• Chest x-ray - patchy densities or
  interstitial involvement
    Viral pneumonia
Management /Prophylaxis
• Supportive treatment - decrease
  severity of symptoms
• bed rest
• analgesics
• expectorants
• Patients w/
  • airway obstruction - treat
    w/bronchodilators
  • secondary bacterial infection - antibiotics
     Atypical Pneumonia
• Accounts for 25% of community
  acquired pneumonias
• Mycoplasma/chlamyda/legionella
• can case extrapulmonary manifestations
  -
  • meningitis, encephalitis, pericarditis,
    hepatitis, hemolytic anemia

  • typically bilateral infiltrates on chest x-ray
  • primarily effects younger persons
       Atypical Pneumonia
           Treatment
•   Antibiotics
•   Macrolides
•   fluroquinolones
•   doxycycline
    Bacterial pneumonia
• 3.3 million cases yearly in US
• responsible for 10% of hospital
  admissions
• unilateral infiltrate on x-ray
• high mortality in elderly population
• most common cause pneumococcal
  followed by haemophilus influenza
• Pneumococcus pneumonia accounts for
  up to 90% of all bacterial pneumonias

• Patients with a chronic Dx are at an
  increased risk of contracting pneumonia
       Bacterial pneumonia
          presentation
•   acute shaking - chills
•   tachypnea
•   tachycardia
•   malaise
•   anorexia
•   myalgias
•   flank or back pain
•   vomiting
              Lab Tests
•   WBC
•   Chest X-ray
•   Pulse Ox
•   ABGs
•   Sputum exam
•   Blood cultures
•   pleural fluid exam
Pneumothorax
    Causes of Spontaneous
        Pneumothorax

•   Pleural blebs
•   Bullae
•   Emphysema
•   Interstitial lung disease
•   Alpha 1 antitrypsin deficiency
    Traumatic and Iatrogenic
            Causes
•   Penetrating wounds
•   Line placements
•   Lung biopsies
•   Mechanical ventilation
Two most common symptoms
 • Dyspnea
 • Chest pain
    Physical Examination
• Decreased breath sounds
• hyperresonance to percussion
• decreased tactile fremitus

  • In patients with emphysema - clinical
    findings may be subtle
Chest X-ray to Confirm Dx
• 500ml of air required to visualize
  pneumothorax on x-ray

• Characterized by -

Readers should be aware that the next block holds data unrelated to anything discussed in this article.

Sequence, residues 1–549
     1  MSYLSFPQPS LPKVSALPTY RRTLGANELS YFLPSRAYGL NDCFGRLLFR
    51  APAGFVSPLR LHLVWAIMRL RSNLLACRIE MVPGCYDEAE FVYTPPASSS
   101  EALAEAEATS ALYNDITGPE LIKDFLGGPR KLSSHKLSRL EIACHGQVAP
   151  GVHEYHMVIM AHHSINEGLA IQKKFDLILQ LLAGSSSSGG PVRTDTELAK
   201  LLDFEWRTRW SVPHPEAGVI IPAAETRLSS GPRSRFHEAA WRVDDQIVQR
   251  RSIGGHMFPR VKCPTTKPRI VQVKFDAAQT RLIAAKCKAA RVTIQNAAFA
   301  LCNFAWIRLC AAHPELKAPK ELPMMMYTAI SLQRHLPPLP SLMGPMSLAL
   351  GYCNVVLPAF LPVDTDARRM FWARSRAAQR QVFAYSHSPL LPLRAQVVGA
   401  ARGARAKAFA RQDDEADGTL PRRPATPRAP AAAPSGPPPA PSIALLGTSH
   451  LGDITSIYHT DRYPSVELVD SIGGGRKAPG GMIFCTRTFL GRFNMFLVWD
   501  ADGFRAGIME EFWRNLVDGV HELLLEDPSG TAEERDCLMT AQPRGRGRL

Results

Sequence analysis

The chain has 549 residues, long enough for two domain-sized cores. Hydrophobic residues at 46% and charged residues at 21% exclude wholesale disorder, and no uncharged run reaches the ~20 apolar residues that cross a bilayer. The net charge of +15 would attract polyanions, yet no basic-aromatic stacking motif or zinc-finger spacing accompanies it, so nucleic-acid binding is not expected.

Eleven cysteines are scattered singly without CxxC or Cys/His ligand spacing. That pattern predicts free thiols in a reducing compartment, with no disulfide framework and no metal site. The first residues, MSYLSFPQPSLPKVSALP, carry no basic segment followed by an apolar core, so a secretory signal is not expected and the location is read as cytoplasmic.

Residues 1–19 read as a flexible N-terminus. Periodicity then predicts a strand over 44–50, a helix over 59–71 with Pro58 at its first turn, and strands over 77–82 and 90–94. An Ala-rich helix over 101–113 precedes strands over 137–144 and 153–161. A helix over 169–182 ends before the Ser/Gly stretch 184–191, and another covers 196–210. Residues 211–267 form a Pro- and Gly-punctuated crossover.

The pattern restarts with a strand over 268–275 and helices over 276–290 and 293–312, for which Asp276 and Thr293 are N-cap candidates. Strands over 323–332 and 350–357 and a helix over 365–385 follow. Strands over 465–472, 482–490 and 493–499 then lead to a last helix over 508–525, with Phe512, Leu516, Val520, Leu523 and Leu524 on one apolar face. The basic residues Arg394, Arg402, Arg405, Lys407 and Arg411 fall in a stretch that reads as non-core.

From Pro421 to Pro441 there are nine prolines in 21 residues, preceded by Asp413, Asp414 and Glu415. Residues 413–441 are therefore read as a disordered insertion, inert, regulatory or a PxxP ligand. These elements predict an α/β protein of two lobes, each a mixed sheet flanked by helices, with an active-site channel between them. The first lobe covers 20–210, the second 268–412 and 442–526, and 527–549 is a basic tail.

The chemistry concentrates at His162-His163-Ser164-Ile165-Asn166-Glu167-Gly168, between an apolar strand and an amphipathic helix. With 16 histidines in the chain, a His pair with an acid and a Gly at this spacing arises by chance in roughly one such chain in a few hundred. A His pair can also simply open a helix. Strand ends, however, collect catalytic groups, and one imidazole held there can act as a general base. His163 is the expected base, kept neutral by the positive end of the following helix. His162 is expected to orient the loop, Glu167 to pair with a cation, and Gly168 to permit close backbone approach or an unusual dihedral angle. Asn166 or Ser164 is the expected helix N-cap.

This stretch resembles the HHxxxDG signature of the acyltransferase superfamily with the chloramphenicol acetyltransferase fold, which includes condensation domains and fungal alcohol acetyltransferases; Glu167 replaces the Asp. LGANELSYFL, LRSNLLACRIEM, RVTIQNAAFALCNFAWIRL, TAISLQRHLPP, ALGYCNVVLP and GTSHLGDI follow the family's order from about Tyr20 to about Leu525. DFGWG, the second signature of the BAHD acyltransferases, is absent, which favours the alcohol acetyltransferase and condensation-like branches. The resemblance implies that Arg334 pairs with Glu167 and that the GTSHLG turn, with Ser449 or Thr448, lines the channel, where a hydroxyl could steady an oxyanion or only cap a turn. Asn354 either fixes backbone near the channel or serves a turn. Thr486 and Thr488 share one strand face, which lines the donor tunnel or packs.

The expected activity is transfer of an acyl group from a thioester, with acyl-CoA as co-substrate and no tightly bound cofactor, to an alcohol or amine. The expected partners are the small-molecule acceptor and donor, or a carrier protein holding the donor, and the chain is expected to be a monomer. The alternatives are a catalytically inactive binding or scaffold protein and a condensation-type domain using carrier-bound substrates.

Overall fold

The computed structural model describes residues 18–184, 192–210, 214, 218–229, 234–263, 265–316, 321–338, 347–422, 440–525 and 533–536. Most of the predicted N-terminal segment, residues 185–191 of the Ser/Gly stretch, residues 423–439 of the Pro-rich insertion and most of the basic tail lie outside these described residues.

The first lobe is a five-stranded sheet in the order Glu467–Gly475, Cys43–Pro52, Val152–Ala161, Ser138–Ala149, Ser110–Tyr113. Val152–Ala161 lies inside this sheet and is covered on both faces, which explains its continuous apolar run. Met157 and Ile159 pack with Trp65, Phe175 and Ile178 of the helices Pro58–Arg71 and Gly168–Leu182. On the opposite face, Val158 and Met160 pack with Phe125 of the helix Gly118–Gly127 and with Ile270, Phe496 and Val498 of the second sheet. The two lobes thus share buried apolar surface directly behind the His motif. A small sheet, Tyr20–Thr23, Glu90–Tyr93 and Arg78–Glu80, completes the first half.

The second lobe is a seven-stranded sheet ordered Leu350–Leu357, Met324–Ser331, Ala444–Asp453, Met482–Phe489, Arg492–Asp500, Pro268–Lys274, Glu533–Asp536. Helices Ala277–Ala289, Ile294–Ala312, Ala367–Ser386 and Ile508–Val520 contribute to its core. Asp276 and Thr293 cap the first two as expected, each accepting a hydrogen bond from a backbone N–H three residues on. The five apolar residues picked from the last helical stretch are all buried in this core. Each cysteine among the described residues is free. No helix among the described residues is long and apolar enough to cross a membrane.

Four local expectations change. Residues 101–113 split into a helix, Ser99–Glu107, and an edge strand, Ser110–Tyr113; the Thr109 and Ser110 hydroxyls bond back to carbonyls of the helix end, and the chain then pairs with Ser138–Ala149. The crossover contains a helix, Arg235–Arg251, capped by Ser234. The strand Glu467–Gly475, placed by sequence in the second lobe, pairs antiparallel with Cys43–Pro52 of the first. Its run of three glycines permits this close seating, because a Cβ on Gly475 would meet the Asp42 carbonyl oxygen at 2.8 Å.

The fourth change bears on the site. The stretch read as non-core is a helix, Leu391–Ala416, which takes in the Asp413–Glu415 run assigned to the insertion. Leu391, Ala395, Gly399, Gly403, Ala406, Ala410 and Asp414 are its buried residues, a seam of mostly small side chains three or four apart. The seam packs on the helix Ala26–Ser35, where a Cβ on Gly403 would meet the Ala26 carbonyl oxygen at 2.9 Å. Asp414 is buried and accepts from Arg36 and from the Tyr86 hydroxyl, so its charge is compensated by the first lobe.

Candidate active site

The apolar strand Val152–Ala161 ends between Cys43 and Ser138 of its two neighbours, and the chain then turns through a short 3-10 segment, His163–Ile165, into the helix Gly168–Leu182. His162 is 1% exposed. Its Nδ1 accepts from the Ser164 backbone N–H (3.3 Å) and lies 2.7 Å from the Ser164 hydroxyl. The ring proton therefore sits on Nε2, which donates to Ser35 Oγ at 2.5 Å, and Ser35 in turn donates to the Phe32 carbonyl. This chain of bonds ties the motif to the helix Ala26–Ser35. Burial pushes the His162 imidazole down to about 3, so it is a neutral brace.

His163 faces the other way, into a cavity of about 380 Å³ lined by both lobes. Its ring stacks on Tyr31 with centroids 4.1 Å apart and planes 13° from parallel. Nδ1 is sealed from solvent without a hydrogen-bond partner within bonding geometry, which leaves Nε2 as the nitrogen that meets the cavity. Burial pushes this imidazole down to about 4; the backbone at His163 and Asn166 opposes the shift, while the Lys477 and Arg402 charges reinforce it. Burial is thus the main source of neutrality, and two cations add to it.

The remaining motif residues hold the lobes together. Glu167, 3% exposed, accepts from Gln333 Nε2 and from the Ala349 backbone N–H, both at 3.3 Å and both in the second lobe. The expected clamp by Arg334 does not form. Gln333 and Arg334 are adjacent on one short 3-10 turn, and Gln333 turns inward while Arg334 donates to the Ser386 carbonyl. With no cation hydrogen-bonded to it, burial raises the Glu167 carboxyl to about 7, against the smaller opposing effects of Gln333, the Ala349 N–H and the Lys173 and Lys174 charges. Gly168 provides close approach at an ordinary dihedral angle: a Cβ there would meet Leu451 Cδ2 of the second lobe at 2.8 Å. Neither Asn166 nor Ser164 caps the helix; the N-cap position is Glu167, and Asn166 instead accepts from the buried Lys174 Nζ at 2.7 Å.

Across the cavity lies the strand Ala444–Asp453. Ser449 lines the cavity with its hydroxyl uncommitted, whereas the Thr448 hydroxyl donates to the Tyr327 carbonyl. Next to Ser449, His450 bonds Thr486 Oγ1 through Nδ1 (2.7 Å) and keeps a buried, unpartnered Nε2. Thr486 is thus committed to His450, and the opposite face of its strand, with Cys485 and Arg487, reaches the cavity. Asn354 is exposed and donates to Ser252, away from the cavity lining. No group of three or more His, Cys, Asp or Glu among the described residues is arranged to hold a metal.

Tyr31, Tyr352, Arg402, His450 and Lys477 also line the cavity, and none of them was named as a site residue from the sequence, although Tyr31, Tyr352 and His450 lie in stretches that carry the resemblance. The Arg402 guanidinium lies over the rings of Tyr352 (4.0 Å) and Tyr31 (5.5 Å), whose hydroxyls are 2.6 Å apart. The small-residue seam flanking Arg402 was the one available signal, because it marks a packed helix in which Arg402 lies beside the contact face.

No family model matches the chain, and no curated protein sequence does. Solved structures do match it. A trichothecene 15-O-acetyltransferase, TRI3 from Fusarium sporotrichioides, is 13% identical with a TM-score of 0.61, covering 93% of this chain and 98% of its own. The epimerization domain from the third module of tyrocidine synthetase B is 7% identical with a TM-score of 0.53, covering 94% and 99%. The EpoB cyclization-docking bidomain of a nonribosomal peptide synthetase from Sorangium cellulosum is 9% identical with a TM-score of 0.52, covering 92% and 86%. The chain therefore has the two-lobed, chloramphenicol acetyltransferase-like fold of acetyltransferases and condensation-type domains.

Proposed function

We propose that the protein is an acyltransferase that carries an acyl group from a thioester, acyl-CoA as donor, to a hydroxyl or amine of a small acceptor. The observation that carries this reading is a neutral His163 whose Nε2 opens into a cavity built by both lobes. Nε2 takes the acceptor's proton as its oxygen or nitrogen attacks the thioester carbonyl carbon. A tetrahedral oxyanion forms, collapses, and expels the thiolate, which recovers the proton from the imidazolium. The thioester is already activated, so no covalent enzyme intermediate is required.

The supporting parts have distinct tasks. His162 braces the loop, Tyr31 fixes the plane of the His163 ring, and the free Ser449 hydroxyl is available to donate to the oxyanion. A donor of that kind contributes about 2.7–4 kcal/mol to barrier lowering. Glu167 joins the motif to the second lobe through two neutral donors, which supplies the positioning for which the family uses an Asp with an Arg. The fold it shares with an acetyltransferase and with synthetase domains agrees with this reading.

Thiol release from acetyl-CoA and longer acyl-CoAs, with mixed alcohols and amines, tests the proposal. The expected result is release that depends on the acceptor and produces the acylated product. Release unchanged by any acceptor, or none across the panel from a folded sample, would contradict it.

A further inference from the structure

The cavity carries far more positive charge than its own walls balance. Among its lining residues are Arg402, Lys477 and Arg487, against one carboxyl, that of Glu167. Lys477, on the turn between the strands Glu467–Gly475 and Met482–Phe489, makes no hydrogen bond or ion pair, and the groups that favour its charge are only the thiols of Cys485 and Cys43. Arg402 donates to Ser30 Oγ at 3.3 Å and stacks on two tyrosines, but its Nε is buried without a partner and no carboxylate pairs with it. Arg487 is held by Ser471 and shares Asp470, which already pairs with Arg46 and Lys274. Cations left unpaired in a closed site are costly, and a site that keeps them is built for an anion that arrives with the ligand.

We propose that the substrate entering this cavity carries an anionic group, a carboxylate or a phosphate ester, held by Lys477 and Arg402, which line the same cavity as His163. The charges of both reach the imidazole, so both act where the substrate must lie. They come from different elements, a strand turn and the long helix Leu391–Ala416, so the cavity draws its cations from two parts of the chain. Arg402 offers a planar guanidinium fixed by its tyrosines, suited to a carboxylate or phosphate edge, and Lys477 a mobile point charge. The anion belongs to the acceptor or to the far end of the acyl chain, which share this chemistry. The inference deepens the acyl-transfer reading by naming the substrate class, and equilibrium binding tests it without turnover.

• hyperlucency and lack of lung markings at
    the periphery of the lung and appearance
    of fine line that represents the retraction of
    the visceral from the parietal pleura
     Treatment Options
• Observation - if pneumothorax involves
  < 15-20% of hemithorax and patient
  relatively asymptomatic
• Tube thoracostomy
• Simple Aspiration
Pulmonary Embolism
          PE History
• PE is so common and deadly that the dx
  should be considered in any patient
  who presents with chest symptoms that
  cannot be proven to have another
  cause
         PE Risk Markers
•   Hypercoagulable states
•   Prior hx of DVT or PE
•   Recent surgery or pregnancy
•   Prolonged immobolization
•   Underlying malignancy
•   smoking
•   birth control pills
•   trauma
         Classic triad of
        signs/symptoms



            Hemoptysis
             Dyspnea
            Chest Pain
• These symptoms are not sensitive or
  specific and occur in fewer than 20% of
  patients diagnosed with PE
      PE Physical Exam
• Massive PE causes hypotension due to
  acute cor pulmonale
• Physical findings in early submassive PE
  may be completely normal
• Initially, abnomal findings are absent in
  most patients with PE
Massive PE - Signs/Symptoms
 • Tachypnea -96%
 • Rales - 58%
 • Accentuated second heart sound - 53%
 • Tachycardia - 44%
 • Fever - 43%
 • S3 or S4 gallop - 34%
 • signs/symptoms suggestive of
   thrombophlebitis - 32%
 • Lower extremity edema - 24%
 • Cardiac murmur - 23%
 • Cyanosis - 19%
Massive PE Diagnostic Studies
 •   VQ scan
 •   Pulmonary angiography
 •   CT
 •   Echocardiography (TEE)
 •   Pulmonary artery catheterization
 •   Diagnostic algorithm
 •   D-dimer